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Reminder to review your designated beneficiaries annually

Designated Beneficiary Explained

A Designated beneficiary is an individual or entity that is specifically named in a legal document, such as a will or trust, to receive a specific benefit or asset. In the context of financial planning, designated beneficiaries play an important role in determining how assets will be distributed after an individual’s death.  Beneficiary designation is a way to immediately transfer assets to a designated person upon the original owner’s death. It is commonly used in retirement accounts and life insurance policies, but can also apply to vehicles, bank accounts, and smaller properties. These designations bypass the probate process and are subject to federal and state rules. Beneficiary designation supersedes prenuptial agreements, divorce proceedings, and avoid probate.

Life Insurance Policy’s have a Designated Beneficiary

One of the most common examples of a designated beneficiary is a life insurance policy. When an individual purchases a life insurance policy, they will typically name a beneficiary, who will receive the death benefit in the event of the policyholder’s death. The death benefit from a life insurance policy is generally tax-free to the beneficiary, but it may be subject to estate taxes if the policy is owned by an irrevocable trust.

Retirement Accounts

Another example of a designated beneficiary is a retirement account, such as an IRA or 401(k). These types of accounts typically require the account holder to name a beneficiary, who will receive the funds in the account after the account holder’s death. The tax implications of a designated beneficiary for a retirement account depend on the type of account and the beneficiary’s relationship to the account holder.

Wills and Trusts

Designated beneficiaries can also be named in other types of legal documents, such as wills and trusts. The tax implications of a designated beneficiary for a will or trust depend on the type of asset and the beneficiary’s relationship to the grantor.

Unless you have a Trust – Don’t Make Your Estate The Beneficiary 

Don’t name your estate as the beneficiary. If your estate is the beneficiary, then the funds in your IRA, annuities, life insurance policy and other financial investment accounts will go through probate – thus costing your heirs money and stress. However, you may designate your trust as the beneficiary.

Changing  a Designated Beneficiary

It is important to note that designated beneficiaries can be changed at any time. It is also important to update the beneficiaries on legal documents such as wills, trusts, and insurance policies whenever there is a major life event, such as a marriage, divorce or birth of a child.

Tax Implications

It is also important to note that there are tax implications associated with designated beneficiaries. It is important to consider these tax implications when choosing a designated beneficiary, and consult with a tax advisor if needed.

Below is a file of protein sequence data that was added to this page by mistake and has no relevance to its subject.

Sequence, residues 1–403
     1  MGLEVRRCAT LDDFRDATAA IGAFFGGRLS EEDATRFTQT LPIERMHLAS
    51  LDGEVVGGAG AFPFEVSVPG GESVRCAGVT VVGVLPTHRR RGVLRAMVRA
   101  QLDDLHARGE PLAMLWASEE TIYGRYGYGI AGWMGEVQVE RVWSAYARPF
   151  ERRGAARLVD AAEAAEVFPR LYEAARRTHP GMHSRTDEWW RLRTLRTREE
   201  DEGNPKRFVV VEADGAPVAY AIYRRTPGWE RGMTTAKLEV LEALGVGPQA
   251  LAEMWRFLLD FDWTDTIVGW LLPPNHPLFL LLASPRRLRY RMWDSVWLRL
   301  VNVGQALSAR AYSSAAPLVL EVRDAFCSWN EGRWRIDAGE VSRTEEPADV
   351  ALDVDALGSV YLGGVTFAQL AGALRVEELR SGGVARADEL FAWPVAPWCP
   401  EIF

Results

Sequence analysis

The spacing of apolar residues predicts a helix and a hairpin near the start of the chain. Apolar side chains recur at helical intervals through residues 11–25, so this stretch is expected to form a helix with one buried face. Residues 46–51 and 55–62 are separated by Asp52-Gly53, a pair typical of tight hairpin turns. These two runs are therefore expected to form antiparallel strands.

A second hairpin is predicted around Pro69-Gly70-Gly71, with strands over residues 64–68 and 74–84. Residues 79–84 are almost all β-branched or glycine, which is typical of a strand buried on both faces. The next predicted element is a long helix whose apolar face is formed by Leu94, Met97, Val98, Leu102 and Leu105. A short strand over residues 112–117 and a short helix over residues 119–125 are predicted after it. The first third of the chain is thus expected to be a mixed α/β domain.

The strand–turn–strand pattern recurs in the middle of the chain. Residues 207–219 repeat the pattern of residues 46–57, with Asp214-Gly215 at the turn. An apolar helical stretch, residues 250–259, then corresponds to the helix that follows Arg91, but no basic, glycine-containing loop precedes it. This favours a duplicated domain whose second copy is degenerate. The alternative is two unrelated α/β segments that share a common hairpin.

Keep your Beneficiary Designations Updated

It is important to keep beneficiary designations updated as they override wills and prenuptial agreements. An estate can also be named as a direct beneficiary, but this usually adds extra cost and hassle to the process. A beneficiary designation can be a useful tool for maximizing the amount of an estate passed on to loved ones, and it’s worth looking into for other assets and accounts.

Other Types of Designated Beneficiaries 

In addition to designated beneficiaries, there are several other types of beneficiaries that may be named in legal documents. One type of beneficiary is a residuary beneficiary, who is named to receive any assets that are not specifically distributed to other beneficiaries. Another type of beneficiary is a contingent beneficiary, who is named to receive a benefit or asset in the event that the primary beneficiary is unable to do so. A third type of beneficiary is a taker in default, who is named to receive a benefit or asset in the event that no other beneficiaries are able to do so.

Consulting with an Attorney

It is important to note that different legal documents may have different rules and requirements for naming beneficiaries, and it is important to consult with an attorney to ensure that your wishes are properly reflected in your legal documents.

Communication with Beneficiaries

It’s also essential to have a conversation with your beneficiaries about your plans, so they are aware of the assets they will be inheriting and can plan accordingly. By keeping an open line of communication and having a clear plan in place, you can ensure that your assets will be distributed according to your wishes and your beneficiaries will be taken care of.

Conclusion

In conclusion, designated beneficiaries play an important role in financial planning, but there are other types of beneficiaries such as residuary, contingent, and taker in default. Each of them has a different role and it’s important to consult with an attorney to ensure that your wishes are properly reflected in your legal documents. It’s also essential to have a conversation with your beneficiaries about your plans to ensure that your assets will be distributed according to your wishes and your beneficiaries will be taken care of.

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